Pes cavus is a foot deformity in which the medial longitudinal arch of the foot is excessively high and remains that way when weight is put on it.
Approximately 15 percent of the world’s population has pes cavus, and of those, 60 percent develop pain with the condition. High arches can cause problems such as pain while running and toes that cannot be straightened.
Pes cavus is the opposite of flat feet, and it is not as common. This condition can be hereditary or acquired, and most commonly associated with orthopedic, neuromuscular, or neurological conditions.
For example, if you suffer from a neuromuscular disease, you may experience changes in your muscle tone, which may lead to the development of pes cavus. The deformity can be located in the forefoot, midfoot, or hindfoot.
The patient may notice that the front of the foot is inordinately lower than the heel when the foot is lifted and examined.
Problems can arise for someone with pes cavus, which places more stress on the metatarsal bones than flat feet. Athletes are commonly affected by this condition. Difficulty wearing shoes is one common problem.
People with pes cavus need more support, either from special shoes or orthotics, to accommodate their high arches and to prevent symptoms.
What Are The Symptoms Of Pes Cavus?
Common symptoms of this condition include:
- Shortened length of foot
- Difficulty fitting into shoes
- Pain when walking, running or standing
- Pain in calves due to overworking and contraction of the calf musculature
Symptoms such as weakness and fatigue may also appear, especially if the victim also suffers from a neuromuscular disease such as muscular dystrophy.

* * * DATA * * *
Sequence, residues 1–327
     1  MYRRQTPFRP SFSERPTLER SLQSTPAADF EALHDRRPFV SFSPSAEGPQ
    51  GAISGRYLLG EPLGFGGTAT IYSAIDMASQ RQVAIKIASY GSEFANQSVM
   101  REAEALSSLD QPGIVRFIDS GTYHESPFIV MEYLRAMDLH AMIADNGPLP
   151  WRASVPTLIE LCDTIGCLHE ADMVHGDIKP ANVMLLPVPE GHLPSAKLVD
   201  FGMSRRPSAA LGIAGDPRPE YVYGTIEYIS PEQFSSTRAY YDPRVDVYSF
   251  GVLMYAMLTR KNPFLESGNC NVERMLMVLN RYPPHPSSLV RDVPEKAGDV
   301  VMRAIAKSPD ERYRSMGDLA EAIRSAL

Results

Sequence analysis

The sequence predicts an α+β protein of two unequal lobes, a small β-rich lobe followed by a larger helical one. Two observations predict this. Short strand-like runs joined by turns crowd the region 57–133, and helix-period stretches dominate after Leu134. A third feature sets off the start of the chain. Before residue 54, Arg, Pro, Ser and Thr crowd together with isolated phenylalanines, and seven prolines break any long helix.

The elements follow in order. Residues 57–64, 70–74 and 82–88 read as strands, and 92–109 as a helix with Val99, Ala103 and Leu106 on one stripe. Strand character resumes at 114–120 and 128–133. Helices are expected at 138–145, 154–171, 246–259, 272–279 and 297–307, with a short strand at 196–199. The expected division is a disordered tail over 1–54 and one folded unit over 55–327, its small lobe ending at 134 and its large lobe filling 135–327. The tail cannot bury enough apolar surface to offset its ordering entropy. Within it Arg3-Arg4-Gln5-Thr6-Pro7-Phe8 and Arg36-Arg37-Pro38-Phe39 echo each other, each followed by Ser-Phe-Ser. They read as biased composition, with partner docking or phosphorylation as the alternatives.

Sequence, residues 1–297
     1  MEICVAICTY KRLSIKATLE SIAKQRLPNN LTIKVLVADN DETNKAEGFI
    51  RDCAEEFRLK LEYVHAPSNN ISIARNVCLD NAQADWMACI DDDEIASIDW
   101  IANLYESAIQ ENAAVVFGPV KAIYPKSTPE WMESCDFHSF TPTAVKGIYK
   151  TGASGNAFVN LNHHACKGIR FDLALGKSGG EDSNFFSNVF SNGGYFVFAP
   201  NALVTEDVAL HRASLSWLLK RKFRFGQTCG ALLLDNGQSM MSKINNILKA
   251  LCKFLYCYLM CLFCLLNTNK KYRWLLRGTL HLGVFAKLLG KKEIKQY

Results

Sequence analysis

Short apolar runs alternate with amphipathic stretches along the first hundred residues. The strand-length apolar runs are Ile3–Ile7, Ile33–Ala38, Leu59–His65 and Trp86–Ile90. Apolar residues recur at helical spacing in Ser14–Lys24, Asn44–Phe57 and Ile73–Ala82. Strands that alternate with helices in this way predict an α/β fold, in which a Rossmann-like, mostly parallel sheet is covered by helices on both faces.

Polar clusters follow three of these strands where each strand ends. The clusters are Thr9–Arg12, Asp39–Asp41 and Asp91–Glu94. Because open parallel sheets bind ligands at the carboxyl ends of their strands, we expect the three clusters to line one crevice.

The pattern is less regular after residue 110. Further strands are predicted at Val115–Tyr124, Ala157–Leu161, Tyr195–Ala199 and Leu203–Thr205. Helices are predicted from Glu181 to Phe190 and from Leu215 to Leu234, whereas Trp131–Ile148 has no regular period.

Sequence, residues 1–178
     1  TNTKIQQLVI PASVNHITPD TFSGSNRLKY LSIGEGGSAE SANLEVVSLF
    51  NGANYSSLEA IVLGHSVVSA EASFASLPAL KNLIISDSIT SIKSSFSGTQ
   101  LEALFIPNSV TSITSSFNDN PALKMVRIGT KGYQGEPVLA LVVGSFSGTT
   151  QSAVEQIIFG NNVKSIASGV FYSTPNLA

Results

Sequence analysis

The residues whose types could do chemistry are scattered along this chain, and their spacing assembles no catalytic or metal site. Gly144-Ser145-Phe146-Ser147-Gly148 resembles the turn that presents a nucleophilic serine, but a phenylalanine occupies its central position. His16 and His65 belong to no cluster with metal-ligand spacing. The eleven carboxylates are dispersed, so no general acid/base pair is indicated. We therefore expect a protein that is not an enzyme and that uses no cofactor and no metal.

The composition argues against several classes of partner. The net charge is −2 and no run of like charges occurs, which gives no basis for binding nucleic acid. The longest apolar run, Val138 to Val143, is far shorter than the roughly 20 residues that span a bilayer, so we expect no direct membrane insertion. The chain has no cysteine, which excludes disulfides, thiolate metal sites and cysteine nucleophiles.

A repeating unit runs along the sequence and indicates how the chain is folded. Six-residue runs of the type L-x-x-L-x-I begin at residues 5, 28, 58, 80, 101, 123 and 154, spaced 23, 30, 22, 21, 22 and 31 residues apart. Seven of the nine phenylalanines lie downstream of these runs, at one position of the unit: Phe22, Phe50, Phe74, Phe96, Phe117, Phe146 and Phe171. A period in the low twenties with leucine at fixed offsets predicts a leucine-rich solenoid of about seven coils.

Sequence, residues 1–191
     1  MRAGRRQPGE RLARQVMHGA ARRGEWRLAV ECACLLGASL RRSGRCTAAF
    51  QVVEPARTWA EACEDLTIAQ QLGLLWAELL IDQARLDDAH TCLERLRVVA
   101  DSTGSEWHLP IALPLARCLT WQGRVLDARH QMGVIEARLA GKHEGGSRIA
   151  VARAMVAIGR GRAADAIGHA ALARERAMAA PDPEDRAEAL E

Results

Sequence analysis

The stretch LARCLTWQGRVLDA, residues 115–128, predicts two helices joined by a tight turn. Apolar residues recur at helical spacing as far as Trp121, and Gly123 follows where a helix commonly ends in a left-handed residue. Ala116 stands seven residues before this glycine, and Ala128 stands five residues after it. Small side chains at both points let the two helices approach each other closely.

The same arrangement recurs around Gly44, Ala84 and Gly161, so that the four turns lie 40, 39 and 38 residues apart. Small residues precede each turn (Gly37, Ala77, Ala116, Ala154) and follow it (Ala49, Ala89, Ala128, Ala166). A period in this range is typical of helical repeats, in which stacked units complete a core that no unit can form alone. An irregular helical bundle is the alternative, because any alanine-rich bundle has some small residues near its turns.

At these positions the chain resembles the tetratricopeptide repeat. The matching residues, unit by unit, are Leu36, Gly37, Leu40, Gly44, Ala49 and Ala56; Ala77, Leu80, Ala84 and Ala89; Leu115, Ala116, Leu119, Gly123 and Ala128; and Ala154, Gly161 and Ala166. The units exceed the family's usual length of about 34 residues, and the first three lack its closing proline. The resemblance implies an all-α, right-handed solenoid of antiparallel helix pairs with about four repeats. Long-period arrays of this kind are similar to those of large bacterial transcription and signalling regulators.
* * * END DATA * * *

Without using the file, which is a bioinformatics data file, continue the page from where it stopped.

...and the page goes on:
Unstable ankles may also be a symptom, especially for someone whose hindfoot is twisted inward or who has weak peroneus brevis muscles (this is the muscle that extends up the calf from the outside of the ankle).
What Causes Pes Cavus?
In approximately 20 percent of all cases, pes cavus is idiopathic, meaning the cause cannot be determined. The other 80 percent of cases can be attributed to one of the following:
- Fracture of the calcaneus
- Fracture of the talus
- Neuromuscular diseases such as cerebral palsy or CMT Charcot-Marie-Tooth Disease
How Is Pes Cavus Diagnosed?
If you feel like you have pes cavus and are experiencing any of the symptoms listed above, you should see a podiatrist. Your doctor will ask you questions about your medical and family history.
He or she will also perform a physical exam and imaging tests to determine the severity of the condition. X-rays and MRIs (magnetic resonance imaging) of the feet and spine may also be conducted, along with an electromyography—which checks the health of the muscles and the nerves that control the muscles—or a nerve conduction study, which measures the speed of electrical signals through a nerve.
Alternative Names Of Pes Cavus
Clawfoot; talipes arcuatus; high arches; high instep; high foot arch. There is also a condition called Shaffer’s foot, which is an acquired form of pes cavus
How Is Pes Cavus Treated?
Treatment for pes cavus is usually determined by the severity of the condition and the symptoms involved. Your podiatrist will want to increase the degree of contact between your arch and the ground and prevent excessive supination (movement of the subtalar joint) and pronation.